Why Thich Nhat Hanh Should Win the 2014 Nobel Peace Prize (& How We Can Help).

“Freedom is not given to us by anyone; we have to cultivate it ourselves. It is a daily practice. No one can prevent you from being aware of each step you take or each breath in and breath out.” 

~ Thich Nhat Hanh

In 1967, Dr. Martin Luther King Jr nominated Thich Nhat Hanh for the Nobel Peace Prize, writing:

“I do not personally know of anyone more worthy of this prize than this gentle monk from Vietnam. He is an Apostle of Peace and Nonviolence. His ideas for peace, if applied, would build a monument to ecumenism, to world brotherhood, to humanity.”

(Read the entire letter here.)

Thich Nhat Hanh’s story is incredible, and it’s even more amazing that after facing such unimaginable political strife in his home country, he has become an internationally-respected and highly influential author, teacher and living model of compassion, peace and kindness. At age 87, he is still traveling and teaching all over the world.

Thich Nhat Hanh’s book, Living Buddha, Living Christ landed in my hands at the perfect moment (about 10 years ago, when I was on the mend from a spiritually-disorienting relationship with a conservative Christian).

It was one of those times when every word, every sentence, seemed to speak directly to my confused and broken heart. Reading that book at that exact moment saved my soul.

His writings are so simple, clear and practical. Any time I pick up a book by “Thay”—as he is known to his students—I fall in love all over again.

He has written over 100 books, and more than 40 have been published in English. Just in the past five years, some of his most intriguing titles include Savor: Mindful Eating, Mindful LifeReconciliation: Healing the Inner Child, You Are Here: Discovering the Magic of the Present Moment and The Art of Communicating,.

No one won the Nobel Peace Prize in 1967. A production company called Peace is the Way Films is spearheading a campaign to nominate Thay for the Nobel Peace Prize this year.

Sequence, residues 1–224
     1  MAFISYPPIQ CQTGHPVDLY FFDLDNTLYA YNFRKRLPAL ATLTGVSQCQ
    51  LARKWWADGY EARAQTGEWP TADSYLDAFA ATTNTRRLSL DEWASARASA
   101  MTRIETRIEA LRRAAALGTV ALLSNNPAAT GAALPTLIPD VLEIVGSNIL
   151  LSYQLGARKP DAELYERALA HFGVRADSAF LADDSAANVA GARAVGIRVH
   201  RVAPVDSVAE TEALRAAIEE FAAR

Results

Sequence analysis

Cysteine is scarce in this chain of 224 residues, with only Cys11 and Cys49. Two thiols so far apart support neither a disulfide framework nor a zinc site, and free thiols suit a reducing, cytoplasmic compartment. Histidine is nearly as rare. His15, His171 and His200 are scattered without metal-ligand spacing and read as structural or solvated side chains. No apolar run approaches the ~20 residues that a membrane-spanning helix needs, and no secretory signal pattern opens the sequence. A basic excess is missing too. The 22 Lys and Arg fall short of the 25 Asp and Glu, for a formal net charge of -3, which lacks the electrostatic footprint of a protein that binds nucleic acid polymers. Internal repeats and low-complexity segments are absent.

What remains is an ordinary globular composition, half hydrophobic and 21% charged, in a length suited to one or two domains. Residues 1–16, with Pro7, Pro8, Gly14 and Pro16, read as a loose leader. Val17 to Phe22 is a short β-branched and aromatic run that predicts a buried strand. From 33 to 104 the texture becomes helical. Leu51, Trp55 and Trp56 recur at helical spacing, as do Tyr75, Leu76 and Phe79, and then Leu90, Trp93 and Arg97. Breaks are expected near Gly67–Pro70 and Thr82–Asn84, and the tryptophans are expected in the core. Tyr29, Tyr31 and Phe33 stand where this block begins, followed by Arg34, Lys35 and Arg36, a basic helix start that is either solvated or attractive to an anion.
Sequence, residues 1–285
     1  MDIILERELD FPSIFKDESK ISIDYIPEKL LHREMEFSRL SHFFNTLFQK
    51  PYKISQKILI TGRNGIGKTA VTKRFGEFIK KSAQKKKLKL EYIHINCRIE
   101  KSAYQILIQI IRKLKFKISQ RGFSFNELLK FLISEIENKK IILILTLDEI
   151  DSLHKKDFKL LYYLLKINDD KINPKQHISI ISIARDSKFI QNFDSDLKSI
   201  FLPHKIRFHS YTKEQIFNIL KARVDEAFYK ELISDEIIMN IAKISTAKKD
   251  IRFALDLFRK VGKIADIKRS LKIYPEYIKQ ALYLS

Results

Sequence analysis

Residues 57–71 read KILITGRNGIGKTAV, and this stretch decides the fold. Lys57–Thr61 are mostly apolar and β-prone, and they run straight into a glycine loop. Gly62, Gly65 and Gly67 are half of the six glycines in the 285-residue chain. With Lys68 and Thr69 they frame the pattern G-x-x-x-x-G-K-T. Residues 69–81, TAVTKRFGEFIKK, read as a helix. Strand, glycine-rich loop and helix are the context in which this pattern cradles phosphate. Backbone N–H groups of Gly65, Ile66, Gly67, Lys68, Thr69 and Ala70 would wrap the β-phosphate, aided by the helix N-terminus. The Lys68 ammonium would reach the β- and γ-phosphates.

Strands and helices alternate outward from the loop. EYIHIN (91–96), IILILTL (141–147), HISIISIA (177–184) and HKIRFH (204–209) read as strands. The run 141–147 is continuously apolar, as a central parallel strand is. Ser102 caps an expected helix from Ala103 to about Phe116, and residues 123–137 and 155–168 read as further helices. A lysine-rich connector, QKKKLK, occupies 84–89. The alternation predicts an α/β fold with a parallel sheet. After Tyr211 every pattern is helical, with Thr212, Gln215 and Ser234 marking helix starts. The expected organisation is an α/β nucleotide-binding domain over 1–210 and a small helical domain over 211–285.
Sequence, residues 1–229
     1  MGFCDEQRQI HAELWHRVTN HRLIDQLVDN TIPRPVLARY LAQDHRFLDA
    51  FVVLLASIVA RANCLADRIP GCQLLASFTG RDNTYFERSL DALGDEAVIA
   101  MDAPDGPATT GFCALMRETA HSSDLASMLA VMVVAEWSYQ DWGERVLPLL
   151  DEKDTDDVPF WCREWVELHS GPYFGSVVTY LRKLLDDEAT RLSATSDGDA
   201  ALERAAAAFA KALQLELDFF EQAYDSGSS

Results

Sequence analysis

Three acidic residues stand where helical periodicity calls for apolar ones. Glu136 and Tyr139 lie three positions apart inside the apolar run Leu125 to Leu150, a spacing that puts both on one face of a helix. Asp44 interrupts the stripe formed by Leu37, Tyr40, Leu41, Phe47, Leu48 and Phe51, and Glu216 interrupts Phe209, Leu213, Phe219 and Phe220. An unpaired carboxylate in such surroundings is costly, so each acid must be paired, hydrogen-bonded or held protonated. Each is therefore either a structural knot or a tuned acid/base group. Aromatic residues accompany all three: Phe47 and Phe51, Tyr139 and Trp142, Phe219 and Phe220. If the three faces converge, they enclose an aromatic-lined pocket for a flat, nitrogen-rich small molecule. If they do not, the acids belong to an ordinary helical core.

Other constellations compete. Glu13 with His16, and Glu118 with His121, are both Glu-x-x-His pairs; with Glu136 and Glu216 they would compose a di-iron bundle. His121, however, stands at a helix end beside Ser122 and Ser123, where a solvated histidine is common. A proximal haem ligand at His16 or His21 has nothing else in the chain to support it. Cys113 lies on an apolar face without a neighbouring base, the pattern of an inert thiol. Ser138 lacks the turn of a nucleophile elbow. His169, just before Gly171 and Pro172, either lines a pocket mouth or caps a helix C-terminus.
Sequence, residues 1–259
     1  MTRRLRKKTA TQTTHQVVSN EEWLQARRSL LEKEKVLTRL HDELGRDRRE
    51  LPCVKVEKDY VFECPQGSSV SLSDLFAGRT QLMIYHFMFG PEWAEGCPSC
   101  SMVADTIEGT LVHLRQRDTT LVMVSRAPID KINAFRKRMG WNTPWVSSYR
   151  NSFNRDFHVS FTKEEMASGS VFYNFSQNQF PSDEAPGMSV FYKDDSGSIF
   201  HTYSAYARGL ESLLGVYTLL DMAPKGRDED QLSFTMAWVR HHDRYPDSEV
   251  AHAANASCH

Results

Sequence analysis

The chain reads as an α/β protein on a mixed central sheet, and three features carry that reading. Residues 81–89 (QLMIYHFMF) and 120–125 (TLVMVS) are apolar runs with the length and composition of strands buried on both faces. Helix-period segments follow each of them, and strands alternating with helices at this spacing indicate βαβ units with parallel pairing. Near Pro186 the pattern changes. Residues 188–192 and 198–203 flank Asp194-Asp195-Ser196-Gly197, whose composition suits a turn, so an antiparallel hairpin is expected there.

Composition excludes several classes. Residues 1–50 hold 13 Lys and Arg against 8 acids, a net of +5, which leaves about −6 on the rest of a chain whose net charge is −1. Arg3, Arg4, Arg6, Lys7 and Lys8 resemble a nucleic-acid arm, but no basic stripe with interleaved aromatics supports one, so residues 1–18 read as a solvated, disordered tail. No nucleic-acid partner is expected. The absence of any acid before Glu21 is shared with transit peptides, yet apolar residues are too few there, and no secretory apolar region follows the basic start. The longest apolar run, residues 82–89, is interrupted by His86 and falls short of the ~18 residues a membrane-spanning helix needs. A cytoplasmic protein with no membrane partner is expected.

If you, too, have been affected by the powerful, peaceful teachings and writings of this humble Zen monk, here’s a list of ways we, individually, can help get him nominated. Power to the people! (But act fast… the deadline for letters to get to the Nobel committee, via snail mail, is February 1.)

If you haven’t (yet) experienced Thich Nhat Hanh’s awesomeness, here are seven favorite quotes to whet your appetite.

“Our own life has to be our message.”

“Compassionate listening is to help the other side suffer less. If we realize
that other people are the same people as we are, we are no longer angry at them.”

“We need enlightenment, not just individually but collectively, to save the planet. We need to awaken ourselves. We need to practice mindfulness if we want to have a future, if we want to save ourselves and the planet.”

“Many people are alive but don’t touch the miracle of being alive.”

“You carry Mother Earth within you. She is not outside of you. Mother Earth is not just your environment. In that insight of inter-being, it is possible to have real communication with the Earth, which is the highest form of prayer.”

“When another person makes you suffer, it is because he suffers deeply within himself, and his suffering is spilling over. He does not need punishment; he needs help. That’s the message he is sending.” 

“Breathe, smile and go slowly.”


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Editor: Rachel Nussbaum

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Heather Jun 24, 2015 11:40am

I totally disagree that Tich Nant Hanh should win the Nobel Peace Prize. While I am sure he is a fine poet – he offers absolutely no academic or theoretical substance in his writings in terms of a much needed social analysis upon which any meaningful type of reform can be built in what he terms as being 'socially engaged buddhism'. Mindfulness in itself will never accomplish anything – in its extreme form, such as a monasticism, it becomes form of escapism because it does challenge the exterior structures of oppression that all human beings have internalized. Although I think he is well-intended, I think he is quite naive. His positions on women are oppressive and anti-feminist. You have to engage in the complex analysis of political struggle, conflict and reform. It's the corrupt social structures of government, and the military and other forms of institutional oppression that need to be critiqued and revolutionized.

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Michelle Margaret Fajkus

Michelle Margaret is a heart-centered writer, teacher and creator of Yoga Freedom.

She has been a columnist on Elephant Journal since 2010 and has self-published inspiring books. She incorporates dharma, hatha, yin, mindfulness, chakras, chanting and pranayama into her teachings and practice. A former advertising copywriter and elementary school teacher, she is now a freelance writer and translator. Michelle learned yoga from a book at age 12 and started teaching at 22. She met the Buddha in California at 23 and has been a student of the dharma ever since. Michelle is now approaching her forties with grace and gratitude.

Join Michelle for a writing and yoga retreat this summer at magical Lake Atitlan in the western highlands of Guatemala! https://yogafreedom.org/group-retreats/